Despite these issues, states and districts have yet to fully address principals’ needs through strong professional-development activities. According to our analysis of the latest data from the Schools and Staffing Survey, or SASS, 95 percent of principals believe they have a major influence on teacher evaluation. But principal professional-development activities fall into the same kinds of weak training forms that have been widely criticized in research on teacher professional development.
According to SASS data from the 2011-12 school year, most principals participated in workshops as an attendee, which is one of the least effective forms of support, according to professional-development research. Among the activities that can effectively improve performance are job-embedded mentoring and coaching. As is seen in the figure above, only a little more than half of principals—52 percent—reported participating in this type of professional development.
These data indicating that principals are overwhelmed with new evaluation responsibilities, coupled with the weak professional-development activities they participate in, call for an overhaul of support systems for school administrators. States and districts need to design and implement better programs and structures to ensure that principals have the training and support they need to effectively carry out teacher evaluation.
In a new report from the Center for American Progress, “The Changing Role of the Principal: How High-Achieving Districts Are Recalibrating School Leadership,” authors Lee Alvoid and Watt Lesley Black Jr. make sensible recommendations for principal professional development, such as focusing on helping them coach teachers and improving districtwide teaching and leadership frameworks. The report’s recommendations are directed at district leadership, which makes many of the decisions related to principal professional development. They include:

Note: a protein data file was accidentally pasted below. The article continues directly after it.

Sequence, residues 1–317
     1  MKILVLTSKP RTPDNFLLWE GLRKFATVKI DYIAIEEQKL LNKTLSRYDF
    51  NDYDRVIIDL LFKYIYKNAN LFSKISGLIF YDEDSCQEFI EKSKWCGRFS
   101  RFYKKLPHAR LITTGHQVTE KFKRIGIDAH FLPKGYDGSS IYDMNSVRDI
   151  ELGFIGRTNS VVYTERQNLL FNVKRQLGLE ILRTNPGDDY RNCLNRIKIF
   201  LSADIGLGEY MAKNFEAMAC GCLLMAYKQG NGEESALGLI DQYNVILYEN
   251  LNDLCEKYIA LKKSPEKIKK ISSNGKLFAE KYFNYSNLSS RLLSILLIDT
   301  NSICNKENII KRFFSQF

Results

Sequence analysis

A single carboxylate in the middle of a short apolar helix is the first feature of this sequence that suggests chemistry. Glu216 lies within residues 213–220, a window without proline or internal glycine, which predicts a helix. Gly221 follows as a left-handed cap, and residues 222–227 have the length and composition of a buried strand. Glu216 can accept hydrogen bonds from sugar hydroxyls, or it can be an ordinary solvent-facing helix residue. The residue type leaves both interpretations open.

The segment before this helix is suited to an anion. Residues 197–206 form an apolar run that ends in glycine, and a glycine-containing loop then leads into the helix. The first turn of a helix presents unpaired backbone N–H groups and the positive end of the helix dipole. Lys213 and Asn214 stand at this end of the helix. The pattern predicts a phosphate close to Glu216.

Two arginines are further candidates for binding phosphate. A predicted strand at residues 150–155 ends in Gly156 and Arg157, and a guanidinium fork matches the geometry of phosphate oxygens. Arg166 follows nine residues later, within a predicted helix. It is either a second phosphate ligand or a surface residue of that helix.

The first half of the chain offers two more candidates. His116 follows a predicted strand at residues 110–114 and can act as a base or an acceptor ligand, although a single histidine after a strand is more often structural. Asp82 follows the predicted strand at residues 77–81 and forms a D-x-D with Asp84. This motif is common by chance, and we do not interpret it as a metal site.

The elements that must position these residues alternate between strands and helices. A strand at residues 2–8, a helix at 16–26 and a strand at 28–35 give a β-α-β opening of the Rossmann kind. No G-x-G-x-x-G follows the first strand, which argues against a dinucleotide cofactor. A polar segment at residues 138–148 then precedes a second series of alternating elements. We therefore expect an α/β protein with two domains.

- Redesigning school organizational charts and job descriptions
- Developing instructional leadership capacity around the principal
- Focusing principal training on coaching teachers
- Building the capacity of central office administrators to support principals
- Providing regular opportunities for principals to gather around self-selected problems of practice
- Developing partnerships with universities and nonprofits to recruit and train future principals
- Developing and training principals on districtwide teaching and leadership frameworks
- Providing technological supports that allow administrators to record and share instructional data
As the teaching profession changes, so too will the principalship. Instead of piling on more work for school leaders, it would be wise to address the shifts in the role of the principal so that he or she can focus on the activities that have the most impact on student learning.
Jenny DeMonte is the Associate Director for Education Research at the Center for American Progress. Kaitlin Pennington is a Policy Analyst on the Education Policy team at the Center.